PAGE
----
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    I got an A* in GCSE maths and am now studying AS pure maths with stats. I did the C1 exam this week and although it didn't go quite as well as I wanted it to, I feel confident that I didn't get any lower than a B. I feel quite confident about the S1 exam too.

    Now I'm preparing for C2 next week and I'm finding it impossibly hard. I'm averaging at about 50% on mock papers and I'm worried that I've just run out of time to do anything about it. I look at worked solutions and usually understand how they got the answers but then when I come to do a different question on the same topic, I can't do it.

    Is there anything anyone can suggest that I try? Is it common for people to do well at GCSE and then really struggle with A Level?
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    (Original post by theperksofbeingnerdy)
    I got an A* in GCSE maths and am now studying AS pure maths with stats. I did the C1 exam this week and although it didn't go quite as well as I wanted it to, I feel confident that I didn't get any lower than a B. I feel quite confident about the S1 exam too.

    Now I'm preparing for C2 next week and I'm finding it impossibly hard. I'm averaging at about 50% on mock papers and I'm worried that I've just run out of time to do anything about it. I look at worked solutions and usually understand how they got the answers but then when I come to do a different question on the same topic, I can't do it.

    Is there anything anyone can suggest that I try? Is it common for people to do well at GCSE and then really struggle with A Level?
    GCSE to A Level is a huge jump, you don't expect it to be but it is. As for how to revise, I know it's said a lot but past papers really are your best bet. What particular topics do you struggle with?
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    (Original post by lizard54142)
    GCSE to A Level is a huge jump, you don't expect it to be but it is. As for how to revise, I know it's said a lot but past papers really are your best bet. What particular topics do you struggle with?
    I'm finding trig identities really hard and I'm also struggling with trapezium rule and some of the trig/radians stuff.
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    (Original post by theperksofbeingnerdy)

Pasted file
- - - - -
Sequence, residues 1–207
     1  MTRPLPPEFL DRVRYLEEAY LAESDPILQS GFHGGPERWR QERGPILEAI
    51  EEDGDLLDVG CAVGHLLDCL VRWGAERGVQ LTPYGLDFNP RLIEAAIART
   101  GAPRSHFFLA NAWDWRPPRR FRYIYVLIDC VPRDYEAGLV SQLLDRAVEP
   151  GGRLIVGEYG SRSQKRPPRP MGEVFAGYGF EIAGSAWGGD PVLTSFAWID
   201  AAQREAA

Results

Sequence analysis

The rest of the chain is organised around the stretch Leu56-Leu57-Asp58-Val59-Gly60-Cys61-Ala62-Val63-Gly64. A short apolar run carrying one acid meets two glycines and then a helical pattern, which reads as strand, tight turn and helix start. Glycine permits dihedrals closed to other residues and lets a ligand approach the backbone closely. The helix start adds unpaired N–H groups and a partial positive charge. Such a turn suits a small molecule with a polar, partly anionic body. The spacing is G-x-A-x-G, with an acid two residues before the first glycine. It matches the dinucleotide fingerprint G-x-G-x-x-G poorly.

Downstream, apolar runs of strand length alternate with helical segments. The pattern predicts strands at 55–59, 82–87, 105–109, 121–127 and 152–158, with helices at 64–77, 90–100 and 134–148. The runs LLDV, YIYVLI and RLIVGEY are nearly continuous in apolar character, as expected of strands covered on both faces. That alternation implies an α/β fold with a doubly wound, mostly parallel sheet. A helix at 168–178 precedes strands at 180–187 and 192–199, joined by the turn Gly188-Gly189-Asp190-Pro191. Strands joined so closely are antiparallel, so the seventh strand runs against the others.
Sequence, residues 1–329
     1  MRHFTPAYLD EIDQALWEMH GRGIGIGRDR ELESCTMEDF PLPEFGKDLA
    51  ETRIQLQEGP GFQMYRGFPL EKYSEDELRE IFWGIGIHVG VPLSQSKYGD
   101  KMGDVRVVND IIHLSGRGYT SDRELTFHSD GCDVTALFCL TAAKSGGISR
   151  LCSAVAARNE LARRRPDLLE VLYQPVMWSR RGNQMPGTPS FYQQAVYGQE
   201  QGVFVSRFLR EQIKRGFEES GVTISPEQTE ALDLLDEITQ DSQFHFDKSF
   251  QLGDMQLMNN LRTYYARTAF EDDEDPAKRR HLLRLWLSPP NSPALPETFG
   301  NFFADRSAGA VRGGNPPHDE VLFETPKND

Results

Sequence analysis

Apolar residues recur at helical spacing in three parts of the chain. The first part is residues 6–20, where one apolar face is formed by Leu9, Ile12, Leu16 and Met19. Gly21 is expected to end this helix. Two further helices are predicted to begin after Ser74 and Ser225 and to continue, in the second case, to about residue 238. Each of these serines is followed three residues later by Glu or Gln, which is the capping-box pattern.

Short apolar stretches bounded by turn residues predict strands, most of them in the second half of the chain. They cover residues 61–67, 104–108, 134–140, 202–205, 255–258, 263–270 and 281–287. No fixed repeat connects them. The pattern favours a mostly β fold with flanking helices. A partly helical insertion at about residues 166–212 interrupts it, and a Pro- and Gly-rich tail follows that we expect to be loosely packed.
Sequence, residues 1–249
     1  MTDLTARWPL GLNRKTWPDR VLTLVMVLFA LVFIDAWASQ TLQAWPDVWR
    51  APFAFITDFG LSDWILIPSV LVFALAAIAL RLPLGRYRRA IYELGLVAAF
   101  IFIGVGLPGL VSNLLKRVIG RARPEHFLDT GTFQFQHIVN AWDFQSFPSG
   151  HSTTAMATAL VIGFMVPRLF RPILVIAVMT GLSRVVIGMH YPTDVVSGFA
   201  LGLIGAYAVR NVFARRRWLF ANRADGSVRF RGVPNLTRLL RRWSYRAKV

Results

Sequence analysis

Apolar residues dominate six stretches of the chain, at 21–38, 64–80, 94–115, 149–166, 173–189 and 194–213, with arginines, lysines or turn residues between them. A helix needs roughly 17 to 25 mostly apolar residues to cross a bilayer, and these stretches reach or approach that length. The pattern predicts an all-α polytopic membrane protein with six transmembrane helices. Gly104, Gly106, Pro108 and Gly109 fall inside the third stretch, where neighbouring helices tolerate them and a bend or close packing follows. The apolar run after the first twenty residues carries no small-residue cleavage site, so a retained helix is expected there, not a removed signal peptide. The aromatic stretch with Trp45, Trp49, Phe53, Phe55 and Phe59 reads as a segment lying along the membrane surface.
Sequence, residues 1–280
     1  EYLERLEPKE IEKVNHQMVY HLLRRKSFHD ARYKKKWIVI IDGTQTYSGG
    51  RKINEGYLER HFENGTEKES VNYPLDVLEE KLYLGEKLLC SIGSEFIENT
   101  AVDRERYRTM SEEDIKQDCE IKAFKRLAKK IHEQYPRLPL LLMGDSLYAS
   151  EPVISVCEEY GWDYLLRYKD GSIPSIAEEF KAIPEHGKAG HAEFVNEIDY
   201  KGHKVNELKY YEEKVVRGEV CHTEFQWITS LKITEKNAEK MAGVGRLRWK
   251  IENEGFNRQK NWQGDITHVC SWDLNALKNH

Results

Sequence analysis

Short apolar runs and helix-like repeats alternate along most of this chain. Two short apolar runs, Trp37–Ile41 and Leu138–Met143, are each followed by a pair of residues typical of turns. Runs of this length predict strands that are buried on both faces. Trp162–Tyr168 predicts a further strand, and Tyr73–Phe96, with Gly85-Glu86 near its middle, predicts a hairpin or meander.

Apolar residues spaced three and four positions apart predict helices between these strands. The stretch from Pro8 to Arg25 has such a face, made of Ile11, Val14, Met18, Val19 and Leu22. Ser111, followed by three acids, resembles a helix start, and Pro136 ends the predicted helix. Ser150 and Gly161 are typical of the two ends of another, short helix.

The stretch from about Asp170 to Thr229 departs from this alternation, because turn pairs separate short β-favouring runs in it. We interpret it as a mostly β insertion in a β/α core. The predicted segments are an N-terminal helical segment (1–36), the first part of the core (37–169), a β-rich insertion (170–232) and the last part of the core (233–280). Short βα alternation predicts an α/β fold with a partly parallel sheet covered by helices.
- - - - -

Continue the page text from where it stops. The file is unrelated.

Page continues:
I'm finding trig identities really hard and I'm also struggling with trapezium rule and some of the trig/radians stuff.
    In regards to trig identities, you are given most of them in the formula booklet, and the rest you can derive from the ones you're given! What's difficult about the trapezium rule?
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    (Original post by lizard54142)
    In regards to trig identities, you are given most of them in the formula booklet, and the rest you can derive from the ones you're given! What's difficult about the trapezium rule?
    My problem with trig identities is that I'm never sure exactly how to use them, like do I turn everything into tan or sine or cos?

    I'm not really sure where I'm going wrong with trapezium rule. I use my calculator to find the y values and I plug them into the formula but my y values always seem to be wrong.
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    (Original post by theperksofbeingnerdy)
    My problem with trig identities is that I'm never sure exactly how to use them, like do I turn everything into tan or sine or cos?

    I'm not really sure where I'm going wrong with trapezium rule. I use my calculator to find the y values and I plug them into the formula but my y values always seem to be wrong.
    You want everything in terms of one trig function only, this makes it easiest to solve (I assume you're talking about equations). Also make sure that you have the same "arguments" i.e. not a mixture of cos(2\theta) and cos\theta, only one or the other.

    For the trapezium rule remember to double all the "y" values except the two end ones.
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    Regarding the trig identities, the questions layout usually gives a hint as to which identity to use. If you see anything that can resemble a quadratic, try and use the trigs to make it into a quadratic with only one ratio in it.

    For the trapezium rule you usually are given a table but if not, make one out of x and y values and take it really slowly. - - Find y values for y0 all the way to yn, however many it is in the question. If as you said you tend to get them wrong, put brackets in, or do each step separately
    - Add the first and last values in the table together and all the middle values seperately.
    - Double the sum of Middle values and whatever you get for that, add it onto the sum of first+last.
    The only thing you have to be really careful in this part is the numerical values you type into the calculator as a single error (such as typing in y0 as 0.988 instead of 0.998) will cause you to loose the answer/accuracy mark.

    Then obv whatever value you got for all of that multiplied by h/2.


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    (Original post by theperksofbeingnerdy)
    My problem with trig identities is that I'm never sure exactly how to use them, like do I turn everything into tan or sine or cos?

    I'm not really sure where I'm going wrong with trapezium rule. I use my calculator to find the y values and I plug them into the formula but my y values always seem to be wrong.
    How can you get the y values wrong? You just plug the x values in and get the y ones from the equation. Thankfully they even give you a calculator to work it out.

    Example:
    Name:  q1.gif
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    a)We are given all of the x values that increase by 0.25 each interval. And we don't have y when x=1.25.

    So you find y by pluging them into the equation y= root(x^2+1)

    y= root((1.25^2)+1)